While many, many things are bad in paradise, not all is ill. The graphics are amazing, and there are no hangups. There's no "what the heck am I doing now?" moments, as you are neatly directed to your next course of action. There's an overall smoothness to the game that is evident at every leap, roll, and attack. The environments are fully interactive. There is truly no unclimbable building, no rooftop restricted, and no end to impressive free-running that makes up this game's mode of travel. The greatest thing Ubisoft Montreal did was give the player limitless options in order to get from A to B.
The game is smooth, and the controls are, while having a few hitches, well designed. If there are bugs in the game, I haven't found them. The free-running is amazing, and in a word, inventive.
The game is by no means hard. It is a chain of the same arbitrary goals again and again and again. The only difficulties lie in some of the informer missions, the main question being "What is the best way to kill all five targets, and make it back in time." The combat system is largely a joke. Hold Guard/High profile, and mash "Counter" till you kill someone.
That being said, the low difficulty makes it easy for people of all ages/skill/reaction time to enjoy. You don't need lightning reflexes in order to progress, only to look at the top of your screen in order to find the next rooftop to land on, or the easiest way into the streets.
Ubisoft Montreal needs to fire their Writers, in my humble opinion. While the concept is willing, the presentation is weak. The story's continuity is constantly broken by nice little "Fast Forwarding to a more recent memory." sections. These are meant as time savers, but end up as cleavers hitting the cutting board. The story's main failure is that it does not expound on either character, Desmond or Altair. There is little, if any attachment gained to them. Their fates, like the rest of the game, become irrelevant. In the end, ones only compulsion to finish the game is only to say you did, not because the story drives you to.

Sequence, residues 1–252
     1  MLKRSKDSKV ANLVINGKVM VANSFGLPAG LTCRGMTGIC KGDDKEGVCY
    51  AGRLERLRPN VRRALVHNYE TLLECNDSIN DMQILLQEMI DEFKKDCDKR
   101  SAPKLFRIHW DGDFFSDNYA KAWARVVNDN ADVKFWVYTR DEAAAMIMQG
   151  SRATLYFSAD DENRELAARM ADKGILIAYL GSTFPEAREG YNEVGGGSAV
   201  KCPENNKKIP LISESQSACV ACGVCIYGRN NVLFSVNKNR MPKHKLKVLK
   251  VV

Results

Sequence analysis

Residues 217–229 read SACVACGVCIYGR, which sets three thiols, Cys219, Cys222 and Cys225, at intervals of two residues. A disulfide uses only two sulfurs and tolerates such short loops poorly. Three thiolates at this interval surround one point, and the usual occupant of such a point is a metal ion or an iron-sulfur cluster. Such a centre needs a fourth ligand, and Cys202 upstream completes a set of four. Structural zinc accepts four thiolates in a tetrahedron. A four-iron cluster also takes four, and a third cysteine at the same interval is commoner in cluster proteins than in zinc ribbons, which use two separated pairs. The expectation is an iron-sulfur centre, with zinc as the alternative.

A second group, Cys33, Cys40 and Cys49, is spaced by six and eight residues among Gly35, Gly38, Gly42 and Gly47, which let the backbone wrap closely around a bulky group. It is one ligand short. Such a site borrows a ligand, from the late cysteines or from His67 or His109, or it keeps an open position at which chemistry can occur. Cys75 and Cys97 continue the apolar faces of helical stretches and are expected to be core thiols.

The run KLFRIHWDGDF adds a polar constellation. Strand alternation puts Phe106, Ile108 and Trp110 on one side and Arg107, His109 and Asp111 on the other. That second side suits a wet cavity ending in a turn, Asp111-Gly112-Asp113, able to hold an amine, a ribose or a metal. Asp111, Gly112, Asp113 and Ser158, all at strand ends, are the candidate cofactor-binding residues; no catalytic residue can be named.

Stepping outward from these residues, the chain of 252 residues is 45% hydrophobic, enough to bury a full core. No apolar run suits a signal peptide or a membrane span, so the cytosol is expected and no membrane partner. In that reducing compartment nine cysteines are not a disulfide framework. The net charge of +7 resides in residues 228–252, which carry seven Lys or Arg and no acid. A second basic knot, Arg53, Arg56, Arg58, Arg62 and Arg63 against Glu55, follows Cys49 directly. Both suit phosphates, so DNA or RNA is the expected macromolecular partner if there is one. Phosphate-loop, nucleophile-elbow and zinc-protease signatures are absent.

Replay Value: 1/10
There is no replay value except irrelevant goals. Saving the rest of the citizens, finding the rest of the flags, and making the DNA bar that shows your total completion be filled in instead of hollow, and in the end, you really don't want to do that either.
The game's highlight is the free-running. During the first hour, it's great. Leaping from building to rafter to handhold in great strides. After that, it becomes second nature. There are no new obstacles to overcome, no new techniques to get from to and fro. In the end, you're holding down High Profile plus Sprint/Free Run, and making sure that rooftop is in jumping distance, no more, no less.
Total Score: 15/50, or 30%.
This game fails, sorry to say. No longer than 30 minutes after the credits roll are you turning it in to your local Video Game Store in hopes you can buy something more satisfying. In the end, most will buy the sequel(if they make one) in hopes they have fixed their grave errors. I, for one, am undecided, can it truly be salvaged? We'll have to wait and see.
Reviewer's Score: 3/10 | Originally Posted: 07/07/08
Game Release: Assassin's Creed (US, 11/13/07)